The primary objective of the Administrative Core is to promote, organize and facilitate the interdisciplinary research and core activities of the Formative Center. The Program Director/Principal Investigator will provide leadership, supervision and organizational control in a manner that best utilizes the team's talents and skills towards four programmatic objectives: 1) provide leadership and innovation in basic and clinical research that furthers our understanding of environmental stressors and their impact on fetal development, 2) expand interdisciplinary research that broadens our understanding of the health risks associated with developmental exposures and the underlying molecular mechanisms associated with disease, 3) build bridges across fields and create new interdisciplinary research, training, and mentoring opportunities, and 4) effectively communicate the potential health hazards and translate the basic research findings for the benefit of public health. The Administrative Core will function as the hub of the program by developing the organizational structure and creating mechanisms for communication among the members of the Formative Center, with clinicians, with researchers, with the public, with NIEHS staff, and with other Children's Environmental Health Centers and Formative Centers. Responsible fiscal and resource management will be the primary responsibility of the Principal Investigator, aided by the Program Manager. The Administrative Core will pursue these Specific Aims: ? Specific Aim 1: Provide, support and develop processes that sustain and accommodate the growth of interdisciplinary basic and applied research and training. ? Specific Aim 2: Maintain a communication structure that strengthens team building and facilitates the dissemination of information. ? Specific Aim 3: Implement mechanisms that will optimally promote the program's objectives and ensure the best and most responsible use of the available resources.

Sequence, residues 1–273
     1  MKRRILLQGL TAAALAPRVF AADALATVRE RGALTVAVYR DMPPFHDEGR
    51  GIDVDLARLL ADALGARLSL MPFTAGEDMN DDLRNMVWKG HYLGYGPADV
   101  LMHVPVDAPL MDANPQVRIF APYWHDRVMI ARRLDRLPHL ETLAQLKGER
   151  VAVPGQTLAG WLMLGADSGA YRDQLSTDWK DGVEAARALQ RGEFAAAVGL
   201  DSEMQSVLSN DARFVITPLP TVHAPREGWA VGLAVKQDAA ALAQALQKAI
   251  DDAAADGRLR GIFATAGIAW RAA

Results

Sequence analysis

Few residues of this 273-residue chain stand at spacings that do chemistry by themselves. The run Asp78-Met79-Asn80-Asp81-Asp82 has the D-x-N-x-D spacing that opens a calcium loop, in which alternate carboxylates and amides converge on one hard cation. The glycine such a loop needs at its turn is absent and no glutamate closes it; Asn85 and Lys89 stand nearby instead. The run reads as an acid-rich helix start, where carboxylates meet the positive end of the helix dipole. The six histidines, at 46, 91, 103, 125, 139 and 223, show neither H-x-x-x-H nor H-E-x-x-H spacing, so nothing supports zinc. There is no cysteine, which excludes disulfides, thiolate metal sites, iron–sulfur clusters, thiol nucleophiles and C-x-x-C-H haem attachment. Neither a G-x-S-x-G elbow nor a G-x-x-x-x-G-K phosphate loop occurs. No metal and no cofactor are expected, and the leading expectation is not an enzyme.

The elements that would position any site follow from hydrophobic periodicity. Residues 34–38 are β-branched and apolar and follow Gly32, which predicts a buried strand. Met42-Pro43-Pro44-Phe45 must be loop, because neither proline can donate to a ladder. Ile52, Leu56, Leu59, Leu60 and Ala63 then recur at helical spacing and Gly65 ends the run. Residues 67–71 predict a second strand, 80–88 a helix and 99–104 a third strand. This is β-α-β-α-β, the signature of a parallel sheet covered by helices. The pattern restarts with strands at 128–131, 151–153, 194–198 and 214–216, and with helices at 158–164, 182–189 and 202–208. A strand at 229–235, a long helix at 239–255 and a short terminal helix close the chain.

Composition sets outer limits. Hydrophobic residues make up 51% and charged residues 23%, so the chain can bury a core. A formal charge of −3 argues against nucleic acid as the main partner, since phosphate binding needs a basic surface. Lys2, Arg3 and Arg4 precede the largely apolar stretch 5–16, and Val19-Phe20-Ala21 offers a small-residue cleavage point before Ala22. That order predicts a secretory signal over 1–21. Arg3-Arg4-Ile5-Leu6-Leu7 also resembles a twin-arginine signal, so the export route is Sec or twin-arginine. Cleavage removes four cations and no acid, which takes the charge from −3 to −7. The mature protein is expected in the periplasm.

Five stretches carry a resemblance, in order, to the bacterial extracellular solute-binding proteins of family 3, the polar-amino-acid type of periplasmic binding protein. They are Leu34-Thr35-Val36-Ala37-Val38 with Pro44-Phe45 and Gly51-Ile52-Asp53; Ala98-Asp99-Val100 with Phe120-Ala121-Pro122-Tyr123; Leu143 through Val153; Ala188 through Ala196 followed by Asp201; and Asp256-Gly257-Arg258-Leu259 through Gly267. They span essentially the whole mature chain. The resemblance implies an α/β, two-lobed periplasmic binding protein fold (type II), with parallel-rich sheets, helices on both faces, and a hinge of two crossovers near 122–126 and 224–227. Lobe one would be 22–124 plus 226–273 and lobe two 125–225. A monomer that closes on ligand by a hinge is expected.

The over-arching goal of this Formative Center is to develop novel biomarkers for the adverse effects of environmental exposures that impact fetal development and produce childhood and adult disease. Using an interdisciplinary approach, research, educational, and training interventions will be designed to address the concerns that pregnant women, families, and communities have about environmental chemicals and the health of their developing children.
|Saffarini, Camelia M; McDonnell-Clark, Elizabeth V; Amin, Ali et al. (2015) Developmental exposure to estrogen alters differentiation and epigenetic programming in a human fetal prostate xenograft model. PLoS One 10:e0122290|
|Huse, Susan M; Gruppuso, Philip A; Boekelheide, Kim et al. (2015) Patterns of gene expression and DNA methylation in human fetal and adult liver. BMC Genomics 16:981|
|De Paepe, Monique E; Chu, Sharon; Hall, Susan J et al. (2015) Intussusceptive-like angiogenesis in human fetal lung xenografts: Link with bronchopulmonary dysplasia-associated microvascular dysangiogenesis? Exp Lung Res 41:477-88|
|Saffarini, Camelia M; McDonnell-Clark, Elizabeth V; Amin, Ali et al. (2015) A human fetal prostate xenograft model of developmental estrogenization. Int J Toxicol 34:119-28|
|Spade, Daniel J; McDonnell, Elizabeth V; Heger, Nicholas E et al. (2014) Xenotransplantation models to study the effects of toxicants on human fetal tissues. Birth Defects Res B Dev Reprod Toxicol 101:410-22|
|Garcia, Briana; Francois-Vaughan, Heather; Onikoyi, Omobola et al. (2014) Xenotransplantation of human fetal adipose tissue: a model of in vivo adipose tissue expansion and adipogenesis. J Lipid Res 55:2685-91|
|Saffarini, Camelia M; McDonnell, Elizabeth V; Amin, Ali et al. (2013) Maturation of the developing human fetal prostate in a rodent xenograft model. Prostate 73:1761-75|
|De Paepe, Monique E; Chu, Sharon; Heger, Nicholas et al. (2012) Resilience of the human fetal lung following stillbirth: potential relevance for pulmonary regenerative medicine. Exp Lung Res 38:43-54|
|Campion, Sarah; Catlin, Natasha; Heger, Nicholas et al. (2012) Male reprotoxicity and endocrine disruption. EXS 101:315-60|
|Panikkar, Bindu; Smith, Natasha; Brown, Phil (2012) Reflexive research ethics in fetal tissue xenotransplantation research. Account Res 19:344-69|
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